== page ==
The chasm between the intent of the protest and its effect on those in whose support it was perpetrated was as evident as the hostility of the demonstrators when confronted with the unthinkable: the GIs they yelled at across the barbed wire showed nothing but silent disgust. They were on duty Saturday afternoon because of a protest they could have done without, for had it not occurred they have been free to take advantage of what was to the protesters a "nice afternoon for a demonstration." In fact, as the demonstration wore on, the calls of the protesters degenerated from the likes of "We're on your side," to demands for a drink of water and parting cries of "pig and the self-reassuring ring of "We've made our point; by this afternoon, everyone on the post will know about us." Painfully absent was how "everyone on post" would regard the demonstration, or in fact, if anyone on post would even find out about it, save the troops who pulled extra duty because of it. Sadly, the V-signs flashed at me as I passed the demonstrators marching back up Route 115 somehow lacked buoyant and, in a way, proud peace signs flashed between GIs.
I approached a group of demonstrators at their formation point a few miles down 115 as they gathered to travel back downtown. My comments on the GIs' reaction to the demonstration fell on unlistening ears. I was shouted down with replies that included, "Well, they're all fascist pigs," and "Then how do you suggest we fight the establishment?" A good question, I thought, as I reflected on the afternoon's activities. Especially since the demonstration was evidently not anti-establishment, but pro-GI. Or was it both? The answer was rather unclear, as I turned and headed for my car, pondering the paradoxes which faced those who cared and those who were cared about.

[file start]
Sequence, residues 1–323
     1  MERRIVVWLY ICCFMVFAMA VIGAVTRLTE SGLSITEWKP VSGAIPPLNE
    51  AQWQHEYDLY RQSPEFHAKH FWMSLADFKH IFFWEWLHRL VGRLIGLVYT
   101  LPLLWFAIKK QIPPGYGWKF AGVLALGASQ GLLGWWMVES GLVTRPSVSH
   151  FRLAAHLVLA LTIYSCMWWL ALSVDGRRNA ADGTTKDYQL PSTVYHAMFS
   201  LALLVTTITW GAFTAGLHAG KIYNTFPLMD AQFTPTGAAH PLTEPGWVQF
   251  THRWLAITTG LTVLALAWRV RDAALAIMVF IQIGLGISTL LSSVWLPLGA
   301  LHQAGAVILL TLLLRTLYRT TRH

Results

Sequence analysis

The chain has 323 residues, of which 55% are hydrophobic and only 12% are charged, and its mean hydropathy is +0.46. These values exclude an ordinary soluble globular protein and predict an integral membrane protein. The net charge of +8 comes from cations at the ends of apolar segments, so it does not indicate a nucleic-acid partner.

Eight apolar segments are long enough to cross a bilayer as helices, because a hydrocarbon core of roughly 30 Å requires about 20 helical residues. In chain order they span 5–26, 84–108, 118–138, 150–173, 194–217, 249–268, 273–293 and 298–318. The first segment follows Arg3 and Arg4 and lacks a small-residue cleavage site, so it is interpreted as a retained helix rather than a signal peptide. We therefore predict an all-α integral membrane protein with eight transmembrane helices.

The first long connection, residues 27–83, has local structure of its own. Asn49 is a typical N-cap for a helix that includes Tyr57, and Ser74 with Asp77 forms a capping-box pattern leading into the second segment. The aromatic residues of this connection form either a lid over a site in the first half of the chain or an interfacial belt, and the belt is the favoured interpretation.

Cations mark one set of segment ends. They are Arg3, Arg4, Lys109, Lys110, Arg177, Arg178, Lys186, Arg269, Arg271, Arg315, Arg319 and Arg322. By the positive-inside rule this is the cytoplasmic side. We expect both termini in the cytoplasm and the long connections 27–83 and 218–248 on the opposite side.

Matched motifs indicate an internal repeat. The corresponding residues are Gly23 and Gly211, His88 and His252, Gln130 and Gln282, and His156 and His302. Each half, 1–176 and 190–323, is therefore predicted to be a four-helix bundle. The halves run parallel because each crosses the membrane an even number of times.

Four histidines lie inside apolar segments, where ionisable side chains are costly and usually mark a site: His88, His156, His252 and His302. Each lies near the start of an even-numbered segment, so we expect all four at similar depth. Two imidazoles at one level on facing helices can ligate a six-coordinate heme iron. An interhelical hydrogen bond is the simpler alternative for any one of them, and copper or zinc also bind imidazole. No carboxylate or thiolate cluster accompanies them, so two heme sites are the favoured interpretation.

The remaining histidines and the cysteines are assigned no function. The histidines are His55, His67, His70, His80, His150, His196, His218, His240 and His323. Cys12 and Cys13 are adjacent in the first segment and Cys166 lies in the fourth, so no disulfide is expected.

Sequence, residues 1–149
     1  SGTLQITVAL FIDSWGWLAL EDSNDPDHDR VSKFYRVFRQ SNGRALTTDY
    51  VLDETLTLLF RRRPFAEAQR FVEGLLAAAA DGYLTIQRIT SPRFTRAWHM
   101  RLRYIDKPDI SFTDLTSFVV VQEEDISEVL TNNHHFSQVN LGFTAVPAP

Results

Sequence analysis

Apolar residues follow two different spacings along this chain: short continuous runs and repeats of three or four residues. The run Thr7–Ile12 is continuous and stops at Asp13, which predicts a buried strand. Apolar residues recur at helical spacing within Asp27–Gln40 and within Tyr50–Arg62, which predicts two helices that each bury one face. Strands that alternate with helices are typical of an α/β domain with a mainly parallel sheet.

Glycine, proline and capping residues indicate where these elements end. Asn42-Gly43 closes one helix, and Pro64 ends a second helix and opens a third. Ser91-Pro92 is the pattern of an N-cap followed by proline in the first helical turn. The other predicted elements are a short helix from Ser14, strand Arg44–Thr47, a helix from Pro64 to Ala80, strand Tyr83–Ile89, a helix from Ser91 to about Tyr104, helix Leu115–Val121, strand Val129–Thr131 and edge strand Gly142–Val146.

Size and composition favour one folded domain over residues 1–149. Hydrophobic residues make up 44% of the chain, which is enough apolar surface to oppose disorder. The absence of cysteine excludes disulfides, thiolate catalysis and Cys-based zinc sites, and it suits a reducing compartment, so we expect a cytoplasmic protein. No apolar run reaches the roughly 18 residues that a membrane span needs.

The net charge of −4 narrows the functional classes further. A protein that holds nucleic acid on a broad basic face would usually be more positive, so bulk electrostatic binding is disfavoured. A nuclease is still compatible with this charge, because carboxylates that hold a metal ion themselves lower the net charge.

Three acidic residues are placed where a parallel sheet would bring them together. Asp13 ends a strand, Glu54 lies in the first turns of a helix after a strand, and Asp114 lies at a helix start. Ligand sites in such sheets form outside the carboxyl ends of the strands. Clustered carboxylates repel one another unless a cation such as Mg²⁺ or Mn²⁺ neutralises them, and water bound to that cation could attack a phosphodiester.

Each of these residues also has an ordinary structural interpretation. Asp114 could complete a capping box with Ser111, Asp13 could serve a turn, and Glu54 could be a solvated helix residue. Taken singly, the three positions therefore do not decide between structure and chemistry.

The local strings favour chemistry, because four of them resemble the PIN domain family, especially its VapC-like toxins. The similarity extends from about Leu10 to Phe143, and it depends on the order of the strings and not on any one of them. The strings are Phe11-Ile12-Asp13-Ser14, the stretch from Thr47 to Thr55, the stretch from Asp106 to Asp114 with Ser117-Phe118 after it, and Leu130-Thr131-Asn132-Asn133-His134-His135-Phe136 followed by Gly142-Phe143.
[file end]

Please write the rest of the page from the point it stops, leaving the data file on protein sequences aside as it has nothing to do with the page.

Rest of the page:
A longhair raced up alongside me and thrust a paper into my hands. "Here. Take this copy of the Bond, the paper of the American Servicemen's Union. It's a national thingie." A thingie. Maybe that was it. Not a demonstration, not against and not for. Hostility and love in the same breath. V-signs backed by gritted teeth instead of smiles. And not just a thingie, but a national thingie. Yeah, I could dig that. But can the GIs? Can you?